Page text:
Most forecasts crucially depend on the assumptions we make on how long it will take to get back to normal. Several observers suggest that in a few months, the most acute phase of the virus will be behind us. Yet, some social distancing measures are likely to remain in place longer, and for some sectors the recovery will be particularly gradual. To have a better sense of what firms are expecting, we take a closer look at the forward-looking component of the European Commission Survey, more specifically the “Expectations of demand in the next three months” for the services sector (Figure 5) and the “Production expectations” for manufacturing sector (Figure 6) from the European Sentiment Indicator. They provide valuable insights into the most significant sectors of the EU economy.
With a few exceptions, the ranking of the most affected sectors is rather similar across EU member states at the current juncture. It is, however, likely that the negative country impact will be shaped by the respective weight of the most affected sectors in the overall structure of the economy. Moreover, some general considerations are due: the loss in demand for some consumer non-durable manufactured products (Figure 6) will not be recovered (i.e. the spring fashion collection) but after some time, the economy will gradually normalise. Purchases of durable goods will likely be postponed for as long as the crisis lasts and the same will happen to investment goods, with corporates postponing capital expenditures. In the services sector (Figure 5), normalisation could be, however, longer. For instance, services that are linked to people’s movement, such as tourism, travelling and the ones involving crowded locations, such as restaurants, have come to a complete stop. It is unclear how long it will take to resume previous consumption patterns. However, it is likely that consumer behaviour will remain impacted for a prolonged period and that some components of services will take very long to recover fully. In other words, while a progressive relaxation of containment measures to get people back to work can happen sooner, going back to a 'normal' social life will probably take much longer. Meanwhile, pharmaceuticals, telecom and IT services could experience stronger demand now and in the future.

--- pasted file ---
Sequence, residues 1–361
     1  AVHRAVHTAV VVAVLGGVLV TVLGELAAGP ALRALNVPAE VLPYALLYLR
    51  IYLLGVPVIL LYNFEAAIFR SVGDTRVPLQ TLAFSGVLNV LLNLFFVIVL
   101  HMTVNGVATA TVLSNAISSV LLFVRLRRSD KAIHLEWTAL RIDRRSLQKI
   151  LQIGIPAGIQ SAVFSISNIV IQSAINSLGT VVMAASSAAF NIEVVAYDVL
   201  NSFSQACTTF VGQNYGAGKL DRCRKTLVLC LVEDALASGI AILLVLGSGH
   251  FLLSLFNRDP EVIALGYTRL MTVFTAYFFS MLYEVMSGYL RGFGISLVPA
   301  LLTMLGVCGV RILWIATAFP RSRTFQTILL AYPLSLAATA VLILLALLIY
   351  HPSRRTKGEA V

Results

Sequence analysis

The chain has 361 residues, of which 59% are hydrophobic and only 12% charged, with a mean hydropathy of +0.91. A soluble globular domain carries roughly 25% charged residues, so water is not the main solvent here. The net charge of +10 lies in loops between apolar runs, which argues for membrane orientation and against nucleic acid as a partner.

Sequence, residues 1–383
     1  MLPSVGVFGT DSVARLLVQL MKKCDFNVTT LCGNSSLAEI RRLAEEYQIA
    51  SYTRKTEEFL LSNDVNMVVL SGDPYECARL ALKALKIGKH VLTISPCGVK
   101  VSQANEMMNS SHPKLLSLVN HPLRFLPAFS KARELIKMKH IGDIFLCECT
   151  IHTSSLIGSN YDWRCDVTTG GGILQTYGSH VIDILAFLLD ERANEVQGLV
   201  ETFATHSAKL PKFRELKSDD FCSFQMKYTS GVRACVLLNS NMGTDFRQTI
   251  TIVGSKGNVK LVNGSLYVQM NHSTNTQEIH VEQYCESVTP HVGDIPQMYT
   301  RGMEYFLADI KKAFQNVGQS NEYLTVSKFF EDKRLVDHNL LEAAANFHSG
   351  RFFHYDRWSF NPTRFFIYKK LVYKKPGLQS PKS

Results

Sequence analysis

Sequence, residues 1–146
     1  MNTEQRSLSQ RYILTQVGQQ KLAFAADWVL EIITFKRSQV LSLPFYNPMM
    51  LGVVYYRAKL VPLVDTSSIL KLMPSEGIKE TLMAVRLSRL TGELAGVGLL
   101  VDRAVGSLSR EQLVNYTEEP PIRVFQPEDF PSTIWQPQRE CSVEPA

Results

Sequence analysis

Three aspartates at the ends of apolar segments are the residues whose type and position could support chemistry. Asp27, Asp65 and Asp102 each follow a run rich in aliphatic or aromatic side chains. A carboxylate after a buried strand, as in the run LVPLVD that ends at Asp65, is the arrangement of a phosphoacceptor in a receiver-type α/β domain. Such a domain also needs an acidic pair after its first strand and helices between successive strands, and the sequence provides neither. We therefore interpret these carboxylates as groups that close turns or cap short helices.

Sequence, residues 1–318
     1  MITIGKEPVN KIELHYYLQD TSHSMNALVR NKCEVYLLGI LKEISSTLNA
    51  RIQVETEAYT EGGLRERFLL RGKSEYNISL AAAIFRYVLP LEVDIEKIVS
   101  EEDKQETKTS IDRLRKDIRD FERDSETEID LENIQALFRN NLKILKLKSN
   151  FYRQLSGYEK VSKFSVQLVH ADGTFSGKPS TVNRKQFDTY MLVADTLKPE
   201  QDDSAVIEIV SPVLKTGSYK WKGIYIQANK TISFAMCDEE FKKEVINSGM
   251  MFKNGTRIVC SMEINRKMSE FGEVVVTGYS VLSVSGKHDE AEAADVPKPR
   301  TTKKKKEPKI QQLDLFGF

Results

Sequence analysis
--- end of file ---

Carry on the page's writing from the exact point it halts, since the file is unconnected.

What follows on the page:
An initial assessment of most exposed sectors in terms of value added by Member States shows that some countries are more exposed to shock than others. This assessment is also conditional on policy measures undertaken to support demand (particularly for investment goods by corporate and durables by consumers) and the evolution of the pandemic, i.e. the length of containment measures (particularly affecting services). Figure 7 compares the exposure of different EU countries to the potentially most hit sectors. The pink columns refer to negatively affected industries; the blue columns represent the positively affected industries. In the lower part of the figure, in the pink columns, the cells highlighted in green are showing the countries for which the specific industry has a higher share (on total value added in that country) than the average, and the darker the colour, the higher the share. In the case of the red colour (the darker, the lower) the countries’ share is lower than the average. For positively affected sectors (those in the blue columns) red is the colour highlighting higher shares and blue is the colour for lower shares. The upper part of the table simply ssummarises the countries with higher shares.